domain of science does not have the simple boundaries we think it does.
Nanoscience is a combination of scientific research conducted in biological,
chemical and quantum physics domains. All these are existing disciplines. They
have been investigating quantum phenomenon and dealing with DNA strands all of
which are in the nano domain. So how do we now stop these activities, which have
been practised for decades? Do we then stop all research in these disciplines?
If not how do we charatcetise what is nano and what is not? Trying to create a
banned area in between the quantum and the macro level is impossible.
problem in science and technology today is that as our knowledge of nature
increases, so does our potential to do good and the bad. While earlier both were
limited, with the expansion of knowledge boundaries, both have grown enormously.
And it is not necessary that we will reap enormous benefits from each of
the knowledge boundaries we break. Just as small advances can have enormous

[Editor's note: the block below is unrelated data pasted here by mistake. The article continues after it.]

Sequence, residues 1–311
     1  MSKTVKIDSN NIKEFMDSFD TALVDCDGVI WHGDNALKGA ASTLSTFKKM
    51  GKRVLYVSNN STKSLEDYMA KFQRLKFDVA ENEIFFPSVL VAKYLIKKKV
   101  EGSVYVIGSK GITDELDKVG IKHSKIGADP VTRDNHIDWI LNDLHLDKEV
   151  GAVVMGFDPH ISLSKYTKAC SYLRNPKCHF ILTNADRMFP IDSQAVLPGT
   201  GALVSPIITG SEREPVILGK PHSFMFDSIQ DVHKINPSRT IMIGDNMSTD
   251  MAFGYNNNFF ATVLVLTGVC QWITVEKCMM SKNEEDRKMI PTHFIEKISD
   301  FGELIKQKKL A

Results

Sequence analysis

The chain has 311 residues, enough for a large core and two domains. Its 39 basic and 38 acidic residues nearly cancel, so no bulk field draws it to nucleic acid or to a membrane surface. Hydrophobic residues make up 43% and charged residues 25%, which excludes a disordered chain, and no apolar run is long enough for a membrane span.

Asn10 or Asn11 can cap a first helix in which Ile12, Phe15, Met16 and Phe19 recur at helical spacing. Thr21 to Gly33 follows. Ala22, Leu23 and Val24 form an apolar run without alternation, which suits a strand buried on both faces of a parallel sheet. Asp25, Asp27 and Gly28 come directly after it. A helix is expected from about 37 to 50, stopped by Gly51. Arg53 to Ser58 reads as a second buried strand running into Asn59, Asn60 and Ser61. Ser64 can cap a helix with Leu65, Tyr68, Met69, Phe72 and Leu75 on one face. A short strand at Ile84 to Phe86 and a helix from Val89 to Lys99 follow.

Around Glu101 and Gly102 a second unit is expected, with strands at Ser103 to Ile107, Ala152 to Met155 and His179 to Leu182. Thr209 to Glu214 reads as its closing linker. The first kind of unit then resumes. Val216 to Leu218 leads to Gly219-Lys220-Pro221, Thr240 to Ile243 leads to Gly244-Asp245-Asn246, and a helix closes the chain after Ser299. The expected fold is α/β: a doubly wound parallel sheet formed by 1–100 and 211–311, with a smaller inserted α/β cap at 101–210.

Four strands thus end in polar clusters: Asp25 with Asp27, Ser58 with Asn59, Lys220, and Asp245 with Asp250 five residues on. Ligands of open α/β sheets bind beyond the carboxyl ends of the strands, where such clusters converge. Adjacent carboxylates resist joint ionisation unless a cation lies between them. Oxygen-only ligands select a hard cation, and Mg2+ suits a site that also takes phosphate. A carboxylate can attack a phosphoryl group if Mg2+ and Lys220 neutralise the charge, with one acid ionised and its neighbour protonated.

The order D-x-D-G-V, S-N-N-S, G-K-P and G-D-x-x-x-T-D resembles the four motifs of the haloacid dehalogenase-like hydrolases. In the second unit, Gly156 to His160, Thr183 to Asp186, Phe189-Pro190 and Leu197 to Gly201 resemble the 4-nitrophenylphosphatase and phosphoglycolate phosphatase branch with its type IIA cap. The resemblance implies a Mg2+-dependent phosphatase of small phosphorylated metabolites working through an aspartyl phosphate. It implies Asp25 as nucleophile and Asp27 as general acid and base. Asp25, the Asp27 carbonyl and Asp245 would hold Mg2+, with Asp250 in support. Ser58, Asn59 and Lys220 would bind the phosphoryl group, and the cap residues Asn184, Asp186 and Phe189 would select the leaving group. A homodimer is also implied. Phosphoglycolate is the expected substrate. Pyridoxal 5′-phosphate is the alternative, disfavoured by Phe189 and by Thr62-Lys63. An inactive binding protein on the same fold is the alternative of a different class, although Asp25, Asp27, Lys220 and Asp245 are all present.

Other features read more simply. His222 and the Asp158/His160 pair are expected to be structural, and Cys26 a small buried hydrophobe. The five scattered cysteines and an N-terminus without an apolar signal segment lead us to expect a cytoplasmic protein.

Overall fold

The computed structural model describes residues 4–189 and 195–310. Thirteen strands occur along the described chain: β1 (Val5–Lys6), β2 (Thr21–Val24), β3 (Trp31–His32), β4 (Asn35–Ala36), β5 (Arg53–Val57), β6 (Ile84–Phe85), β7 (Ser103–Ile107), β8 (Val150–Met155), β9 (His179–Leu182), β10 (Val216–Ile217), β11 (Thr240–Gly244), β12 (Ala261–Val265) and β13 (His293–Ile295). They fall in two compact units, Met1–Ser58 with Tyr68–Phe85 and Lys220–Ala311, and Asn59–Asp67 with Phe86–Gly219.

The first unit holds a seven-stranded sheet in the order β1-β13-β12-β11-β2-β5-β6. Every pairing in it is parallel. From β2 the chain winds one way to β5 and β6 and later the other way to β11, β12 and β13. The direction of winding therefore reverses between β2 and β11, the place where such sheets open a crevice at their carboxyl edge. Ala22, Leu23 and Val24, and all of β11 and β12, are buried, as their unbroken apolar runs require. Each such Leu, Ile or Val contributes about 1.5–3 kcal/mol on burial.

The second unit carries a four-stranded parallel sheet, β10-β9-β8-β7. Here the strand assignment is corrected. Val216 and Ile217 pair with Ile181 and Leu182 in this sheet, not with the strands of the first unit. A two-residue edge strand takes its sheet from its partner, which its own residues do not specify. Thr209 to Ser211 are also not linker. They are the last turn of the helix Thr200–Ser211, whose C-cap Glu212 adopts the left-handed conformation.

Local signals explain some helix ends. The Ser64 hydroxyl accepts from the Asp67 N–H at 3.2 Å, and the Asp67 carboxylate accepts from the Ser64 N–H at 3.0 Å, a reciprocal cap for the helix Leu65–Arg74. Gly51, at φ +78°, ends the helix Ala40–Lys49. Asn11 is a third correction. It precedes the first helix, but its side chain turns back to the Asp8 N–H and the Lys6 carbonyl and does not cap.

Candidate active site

technological consequences and benefits. It is this new world of possibilities
and dangers that we are entering into. A heedless plunge into this could take us
down a precipice. But not developing our knowledge is also not an option. It is
like a child refusing to grow up as the world of childhood is a much more
comfortable one. And it is the adult choice of need versus gratification that we
have to make.
the choices as a society today are distorted by capitalism. It is the urge
for unconcerned growth and profits – the gratification of greed at all costs
– that magnifies the danger of both biotechnology and nanotechnology. If we
allow multinational corporations and global capital driven by their greed to
take all decisions regarding safety and regulations, we are likely to face
disasters. The focus has to come back to the danger that capitalism poses to
nature and life instead of the science and technology of the nano world posing